Besides upstream fish migration, downstream fish passage also plays a significant role in achieving the objectives of the European Water Framework Directive. While discussions have been focusing on fish protection and downstream migration at hydropower plants for some time now, the issue of downstream passage at weirs has increasingly gained importance. The project aims at developing a numerical model which represents the hydraulic processes occurring in a weir spillway as realistically as possible. Based on this model, the movements of passive floats (used as substitutes for fish) are examined to assess the risks of damages to the fish and better evaluate the related potentially harmful processes occurring during the fish’s descent over weirs. The project is a co-operation between the BAW’s Hydraulic Structures section and the Institute for Hydromechanics (IfH) at Karlsruhe Institute of Technology (KIT).
Research project "Attraction of upstream fishways" (completed)
In a co-operation with the Dieter-Thoma Laboratory and the Obernach Research Institute at the Technical University (TU) of Munich, the BAW conducted a research on the attraction of upstream fishways in the tailwater of hydropower plants. In addition to the development of parameters for the turbine outflow from hydropower plants and the modelling of the outflow in physical and numerical models, the assessment and definition of a good attraction flow to ensure attraction were relevant research topics. The project results provided the basis for dimensioning the attraction flow (recommendation in preparation) and planning the pilot facilities. The project data were also used as material for a doctoral thesis prepared at the TU Munich.
Research project "Passability of vertical slot fishways" (completed)
In a co-operation with the Institute for Water and River Basin Management at Karlsruhe Institute of Technology, researchers looked into the hydraulics of vertical slot passes for upstream fish migration. An important part of the research co-operation involved describing the temporal fluctuations of the flow fields in the fishway and whether they can be anticipated by the animals. This subproject was concluded with a doctoral thesis. Another subproject investigated how the time-averaged flow fields manifest themselves in different flow patterns in the fishway pools. The flow patterns have an effect on the pools’ energy balance and the degree of passability. Additional tests were made to analyse the energy dissipation in the pools, e.g. regarding flow velocities and roughness values, and to develop specific approaches for determining discharge. The data collected were also used for developing physical and numerical modelling.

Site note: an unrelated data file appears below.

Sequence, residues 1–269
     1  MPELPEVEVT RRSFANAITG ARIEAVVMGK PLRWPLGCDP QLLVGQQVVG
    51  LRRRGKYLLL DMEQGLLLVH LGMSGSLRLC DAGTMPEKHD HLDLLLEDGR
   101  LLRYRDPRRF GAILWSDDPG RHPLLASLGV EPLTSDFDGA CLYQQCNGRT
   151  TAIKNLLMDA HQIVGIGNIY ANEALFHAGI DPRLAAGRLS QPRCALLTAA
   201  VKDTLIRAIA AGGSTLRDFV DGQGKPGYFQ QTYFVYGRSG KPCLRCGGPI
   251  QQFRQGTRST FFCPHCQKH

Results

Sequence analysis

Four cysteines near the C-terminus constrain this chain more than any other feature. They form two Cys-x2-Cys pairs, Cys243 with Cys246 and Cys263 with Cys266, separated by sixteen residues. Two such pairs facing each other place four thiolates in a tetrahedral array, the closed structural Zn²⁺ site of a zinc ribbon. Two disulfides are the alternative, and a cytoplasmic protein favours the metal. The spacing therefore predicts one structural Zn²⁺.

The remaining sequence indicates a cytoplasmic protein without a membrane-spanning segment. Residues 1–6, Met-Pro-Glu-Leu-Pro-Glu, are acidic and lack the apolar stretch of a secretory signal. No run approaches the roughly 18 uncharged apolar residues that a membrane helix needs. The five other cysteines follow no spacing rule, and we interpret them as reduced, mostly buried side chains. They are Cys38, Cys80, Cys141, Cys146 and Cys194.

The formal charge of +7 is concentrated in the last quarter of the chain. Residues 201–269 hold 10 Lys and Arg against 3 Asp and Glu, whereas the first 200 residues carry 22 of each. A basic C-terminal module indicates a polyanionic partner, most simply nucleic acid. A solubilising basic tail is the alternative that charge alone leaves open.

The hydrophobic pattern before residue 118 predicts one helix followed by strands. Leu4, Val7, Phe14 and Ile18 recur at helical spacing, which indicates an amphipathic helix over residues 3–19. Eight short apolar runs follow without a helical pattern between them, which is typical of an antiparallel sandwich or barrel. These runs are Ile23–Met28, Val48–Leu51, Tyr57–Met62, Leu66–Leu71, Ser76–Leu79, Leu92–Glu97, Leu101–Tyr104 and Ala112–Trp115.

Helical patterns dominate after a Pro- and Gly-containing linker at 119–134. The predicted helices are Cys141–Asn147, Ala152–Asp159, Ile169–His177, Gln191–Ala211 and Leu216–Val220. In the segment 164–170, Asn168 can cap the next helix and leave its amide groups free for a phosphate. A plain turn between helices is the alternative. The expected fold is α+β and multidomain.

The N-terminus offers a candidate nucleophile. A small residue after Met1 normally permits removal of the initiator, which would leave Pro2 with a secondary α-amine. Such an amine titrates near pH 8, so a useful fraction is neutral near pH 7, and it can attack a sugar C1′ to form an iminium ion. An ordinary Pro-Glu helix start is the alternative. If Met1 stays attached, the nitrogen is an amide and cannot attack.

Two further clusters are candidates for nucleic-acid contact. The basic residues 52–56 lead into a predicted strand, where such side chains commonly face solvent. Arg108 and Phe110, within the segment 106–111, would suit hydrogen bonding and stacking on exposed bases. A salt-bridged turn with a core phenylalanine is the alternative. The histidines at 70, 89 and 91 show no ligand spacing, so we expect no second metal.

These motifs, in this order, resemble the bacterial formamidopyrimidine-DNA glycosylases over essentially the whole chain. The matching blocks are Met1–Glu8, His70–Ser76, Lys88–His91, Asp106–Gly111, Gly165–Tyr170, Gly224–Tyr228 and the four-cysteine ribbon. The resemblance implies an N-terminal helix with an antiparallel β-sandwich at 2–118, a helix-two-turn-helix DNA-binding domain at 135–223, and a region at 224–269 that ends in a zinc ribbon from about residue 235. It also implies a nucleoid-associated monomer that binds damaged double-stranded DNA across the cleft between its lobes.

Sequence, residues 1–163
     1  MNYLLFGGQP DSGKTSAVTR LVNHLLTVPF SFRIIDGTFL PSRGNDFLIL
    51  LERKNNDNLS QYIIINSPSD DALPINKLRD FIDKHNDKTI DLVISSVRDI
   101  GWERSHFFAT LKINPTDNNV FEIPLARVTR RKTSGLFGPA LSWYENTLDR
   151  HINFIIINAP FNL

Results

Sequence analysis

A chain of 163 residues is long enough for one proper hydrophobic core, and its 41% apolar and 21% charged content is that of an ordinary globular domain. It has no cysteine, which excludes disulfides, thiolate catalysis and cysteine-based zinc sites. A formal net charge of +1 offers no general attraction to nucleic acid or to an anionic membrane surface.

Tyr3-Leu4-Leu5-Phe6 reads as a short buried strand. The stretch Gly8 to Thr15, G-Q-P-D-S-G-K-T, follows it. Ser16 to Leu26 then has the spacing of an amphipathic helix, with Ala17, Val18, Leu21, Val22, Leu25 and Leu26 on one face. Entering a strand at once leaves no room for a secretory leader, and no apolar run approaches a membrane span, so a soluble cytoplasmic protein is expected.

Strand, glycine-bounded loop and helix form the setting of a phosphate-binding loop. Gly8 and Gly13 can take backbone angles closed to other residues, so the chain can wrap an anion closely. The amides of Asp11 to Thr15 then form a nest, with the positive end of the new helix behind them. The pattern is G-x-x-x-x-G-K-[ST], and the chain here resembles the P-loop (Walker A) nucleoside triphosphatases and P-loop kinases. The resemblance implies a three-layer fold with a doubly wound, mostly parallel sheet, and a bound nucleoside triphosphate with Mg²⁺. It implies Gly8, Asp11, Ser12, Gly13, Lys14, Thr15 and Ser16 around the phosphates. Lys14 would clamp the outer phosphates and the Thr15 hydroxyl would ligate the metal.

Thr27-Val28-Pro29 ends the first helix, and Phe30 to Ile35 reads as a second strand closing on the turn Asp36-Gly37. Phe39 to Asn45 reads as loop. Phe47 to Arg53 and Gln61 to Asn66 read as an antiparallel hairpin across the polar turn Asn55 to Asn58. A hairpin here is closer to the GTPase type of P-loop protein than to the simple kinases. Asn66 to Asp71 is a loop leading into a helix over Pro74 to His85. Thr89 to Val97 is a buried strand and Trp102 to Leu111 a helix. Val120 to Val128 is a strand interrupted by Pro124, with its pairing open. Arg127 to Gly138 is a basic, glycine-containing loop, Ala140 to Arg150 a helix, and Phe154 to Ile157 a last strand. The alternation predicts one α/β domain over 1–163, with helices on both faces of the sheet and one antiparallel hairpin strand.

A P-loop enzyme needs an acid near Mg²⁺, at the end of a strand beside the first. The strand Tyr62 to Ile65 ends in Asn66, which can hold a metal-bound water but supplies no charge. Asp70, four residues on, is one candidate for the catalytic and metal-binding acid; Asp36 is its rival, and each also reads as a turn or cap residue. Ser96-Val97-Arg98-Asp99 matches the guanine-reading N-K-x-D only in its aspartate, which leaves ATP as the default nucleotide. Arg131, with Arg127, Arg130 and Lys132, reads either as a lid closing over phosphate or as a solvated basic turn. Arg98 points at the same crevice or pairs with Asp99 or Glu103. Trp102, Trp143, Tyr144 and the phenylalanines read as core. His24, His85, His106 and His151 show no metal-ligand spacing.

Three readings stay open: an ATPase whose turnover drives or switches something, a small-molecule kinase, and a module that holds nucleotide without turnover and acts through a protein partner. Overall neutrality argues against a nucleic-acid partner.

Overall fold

Research project "ELAM-de" (completed)
An important criterion for the assessment of a fishway is its efficiency, which is, however, difficult and time-consuming to determine in the field or laboratory. A numerical model for simulating fish behaviour on spatial and temporal scales of decimetres and seconds, respectively, can support planning decisions and contribute to scientific understanding of the performance of competing fishway designs. Based on the "Eulerian-Lagrangian-agent method" (ELAM), a new individual-based model ("ELAM-de") was developed. The model was fed with three-dimensional flow data calculated with OpenFOAM® on arbitrary polyhedral meshes. It was designed, calibrated and validated based on behavioural patterns derived from the movements of live brown trout. The project was concluded with a doctoral thesis (in co-operation with the Bundeswehr University Munich).